Hoffstein’s intent was to “unearth the traces of a remarkable mystery teaching buried in the midst of our own English alphabet, a teaching that may well transform our lives if we can open ourselves to it.” The sheer force of one aspect of the Qabbalah is clearly seeping through and the author certainly achieved his aim. Perhaps one of the most interesting points of his conclusion is that our living in duality is reflected in that “nearly every word in the language generates its opposite.” The words themselves betray the way to achieve unity….

I hardly know anyone who would not be touched by this message. Although it concerns but one aspect of a powerful spiritual teaching applied to another kind of alphabet, A Mystical Key To The English Language will fascinate poets, writers, believers, and ultimately anyone speaking and/or writing English. It also seems a good introduction to the power of the Qabbalah for those who have no notion of the Hebrew alphabet.—Donvez

Going by the Book: Past and Present Tragedies of Biblical Authority
Ernie Bringas
220 pp., paper, $12.95, ISBN: 1-57174-022-8, Hampton Roads

A very intelligent, well documented, and interesting criticism of authoritative Bible interpretations, all the more daring because Ernie Bringas is an ordained United Methodist minister. Condemning any form of bibliolatry (the Bible as the divine word of God to be followed unequivocally as the ultimate authority), the author supports knowledge and discernment as necessary ingredients in understanding religion and faith today.

“The belief that divine revelation is absolute is an aberration that is woven into the fabric of our faith and, for that matter, all belief systems that claim special knowledge. This crippling presumption prohibits personal growth by denying the validity of any new knowledge which conflicts with the sacred scrolls. On this basis, we have misdirected the Christian family—and everyone else—for almost 2,000 years.”

This belief supported by the Church and most preachers today has been the basis for present and past tragedies. Starting with the relationship between the Book’s interpretation and the existence of slavery, torture, anti-Semitism, hatred of women and gays and the burning of witches, Ernie Bringas moves into a thorough criticism of some of the strongholds of the Christian “blind faith.” His use of historical and modern documents to place his criticism in context makes it all the more convincing. The author not only criticizes but also proposes a certain number of intelligent solutions to integrate knowledge and discernment in order to change one’s perspective on ideas which are generally received as is.

This intelligent book is a breath of fresh air and should be widely distributed and read. Not one person in the Western world—the peoples of the Book—can claim not to have been in one form or another damaged—if not physically, then psychologically, morally, intellectually, spiritually, unconsciously, and so on—by the ignorance scattered by the Church since its inception. But the potential reader should be reminded that behind his criticism Bringas’ attempt is to clear a path to the truth. After all, “truth is truth; no special declaration of authority is needed to make it so.” His ultimate message is that true faith goes hand in hand with intelligence.—Donvez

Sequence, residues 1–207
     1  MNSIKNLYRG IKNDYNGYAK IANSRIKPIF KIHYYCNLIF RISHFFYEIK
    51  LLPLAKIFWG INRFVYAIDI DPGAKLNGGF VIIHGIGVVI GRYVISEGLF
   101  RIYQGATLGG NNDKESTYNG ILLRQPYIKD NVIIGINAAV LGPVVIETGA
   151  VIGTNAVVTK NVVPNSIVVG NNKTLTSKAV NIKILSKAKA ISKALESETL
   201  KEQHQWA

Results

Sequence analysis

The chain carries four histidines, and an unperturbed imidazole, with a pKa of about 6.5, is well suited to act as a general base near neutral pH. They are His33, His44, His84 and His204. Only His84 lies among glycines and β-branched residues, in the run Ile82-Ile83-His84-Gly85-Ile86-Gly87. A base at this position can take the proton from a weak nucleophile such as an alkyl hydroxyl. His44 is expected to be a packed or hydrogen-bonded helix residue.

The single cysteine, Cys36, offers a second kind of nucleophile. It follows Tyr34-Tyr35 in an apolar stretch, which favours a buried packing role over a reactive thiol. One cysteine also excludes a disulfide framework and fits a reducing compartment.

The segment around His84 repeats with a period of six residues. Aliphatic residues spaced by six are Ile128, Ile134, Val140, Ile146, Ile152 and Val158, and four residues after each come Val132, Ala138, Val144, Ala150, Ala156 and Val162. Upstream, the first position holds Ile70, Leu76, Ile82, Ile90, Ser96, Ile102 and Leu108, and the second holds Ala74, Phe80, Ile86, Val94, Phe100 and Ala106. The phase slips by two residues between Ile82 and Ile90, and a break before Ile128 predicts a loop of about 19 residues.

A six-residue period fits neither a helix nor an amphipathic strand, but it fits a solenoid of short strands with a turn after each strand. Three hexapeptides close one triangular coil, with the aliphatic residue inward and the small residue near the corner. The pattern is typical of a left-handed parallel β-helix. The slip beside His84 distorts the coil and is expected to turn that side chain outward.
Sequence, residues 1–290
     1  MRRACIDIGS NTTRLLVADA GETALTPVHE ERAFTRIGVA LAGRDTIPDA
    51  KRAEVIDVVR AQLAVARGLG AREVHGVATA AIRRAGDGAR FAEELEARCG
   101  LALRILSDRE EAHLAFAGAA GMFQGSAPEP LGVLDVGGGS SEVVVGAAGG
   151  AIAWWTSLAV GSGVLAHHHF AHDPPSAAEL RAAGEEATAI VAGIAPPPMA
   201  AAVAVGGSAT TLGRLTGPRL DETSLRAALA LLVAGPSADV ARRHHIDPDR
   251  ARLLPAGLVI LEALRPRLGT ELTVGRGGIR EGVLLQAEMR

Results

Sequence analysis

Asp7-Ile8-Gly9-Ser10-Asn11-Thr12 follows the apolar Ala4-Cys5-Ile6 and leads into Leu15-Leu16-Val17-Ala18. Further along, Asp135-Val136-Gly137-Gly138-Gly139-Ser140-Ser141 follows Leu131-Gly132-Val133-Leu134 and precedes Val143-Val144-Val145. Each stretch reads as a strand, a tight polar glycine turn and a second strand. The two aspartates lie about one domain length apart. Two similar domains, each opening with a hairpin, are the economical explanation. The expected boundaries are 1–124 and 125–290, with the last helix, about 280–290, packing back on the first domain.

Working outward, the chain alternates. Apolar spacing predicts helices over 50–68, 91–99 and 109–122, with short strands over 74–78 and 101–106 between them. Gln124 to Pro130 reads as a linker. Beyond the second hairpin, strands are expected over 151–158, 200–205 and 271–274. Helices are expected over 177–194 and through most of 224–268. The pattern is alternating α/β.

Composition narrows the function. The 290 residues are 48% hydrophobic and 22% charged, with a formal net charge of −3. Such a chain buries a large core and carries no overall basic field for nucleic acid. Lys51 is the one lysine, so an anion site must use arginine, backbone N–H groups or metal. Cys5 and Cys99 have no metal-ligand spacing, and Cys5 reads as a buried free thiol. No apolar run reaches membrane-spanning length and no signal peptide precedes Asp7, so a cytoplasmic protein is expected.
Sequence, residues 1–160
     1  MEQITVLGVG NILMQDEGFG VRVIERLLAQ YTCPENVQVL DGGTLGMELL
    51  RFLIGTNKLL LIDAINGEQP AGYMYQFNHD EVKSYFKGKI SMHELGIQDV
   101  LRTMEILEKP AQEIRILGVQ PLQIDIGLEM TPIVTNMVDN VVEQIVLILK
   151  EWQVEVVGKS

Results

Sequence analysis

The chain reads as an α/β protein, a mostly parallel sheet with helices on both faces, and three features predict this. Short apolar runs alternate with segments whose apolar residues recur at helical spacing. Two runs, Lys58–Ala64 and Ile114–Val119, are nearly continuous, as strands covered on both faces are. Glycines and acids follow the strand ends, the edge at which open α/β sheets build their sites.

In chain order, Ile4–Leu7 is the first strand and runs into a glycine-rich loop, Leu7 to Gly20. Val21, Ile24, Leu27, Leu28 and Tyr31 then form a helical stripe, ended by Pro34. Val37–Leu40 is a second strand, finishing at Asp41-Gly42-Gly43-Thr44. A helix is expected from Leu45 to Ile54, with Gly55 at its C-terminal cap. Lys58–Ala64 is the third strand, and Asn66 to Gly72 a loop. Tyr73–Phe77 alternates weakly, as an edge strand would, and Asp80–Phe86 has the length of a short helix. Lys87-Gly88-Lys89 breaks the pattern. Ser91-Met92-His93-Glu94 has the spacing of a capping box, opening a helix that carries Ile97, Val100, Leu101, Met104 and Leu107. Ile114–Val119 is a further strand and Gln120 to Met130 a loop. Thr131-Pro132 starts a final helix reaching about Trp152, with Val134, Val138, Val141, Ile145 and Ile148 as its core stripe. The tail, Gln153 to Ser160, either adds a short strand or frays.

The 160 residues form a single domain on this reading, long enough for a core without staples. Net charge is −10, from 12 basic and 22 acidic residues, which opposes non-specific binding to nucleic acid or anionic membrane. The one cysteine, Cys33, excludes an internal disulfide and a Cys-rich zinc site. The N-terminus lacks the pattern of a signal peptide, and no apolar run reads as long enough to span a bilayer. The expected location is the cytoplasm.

Logic and Mr. Limbaugh
Ray Perkins, Jr., cartoon illustrations by Mike Marland
200 pp., paper, $9.95, ISBN: 0-8126-9294-2, Open Court

This book is tagged as “Current Affairs / Logic.” It is designed to be a teaching text on logic, as we might expect from a professor of philosophy and critical thinking, but it will also engage the novice or casual reader. Perkins begins with introductory chapters on “Basic Logic” and “How to Spot Fallacies”—then demonstrates the fine points with analysis of dozens of fallacies transcribed directly from radio scripts of Rush Limbaugh's shows. Perkins has found a rich vein; the examples are thorough, cogent, and lively. Rush’s conservative commentary seems an endless fountain of suspect reasoning. The author does give credit when Rush’s reasoning is sound, but the book will not be a winner with the millions of devoted readers of Limbaugh’s own mass market paperbacks, the “dittoheads.” In the words quoted on the cover of Martin Gardner, respected science author and commentator: “Rush Limbaugh may be funny, entertaining, at times lovable, and even right, but his reasoning skills could hardly be more primitive…” For liberals, independent thinkers, college students studying just about any social science not to mention logic proper, and sensible readers everywhere—this will likely be the most entertaining and humorous book on clear thinking available this decade.—Lourie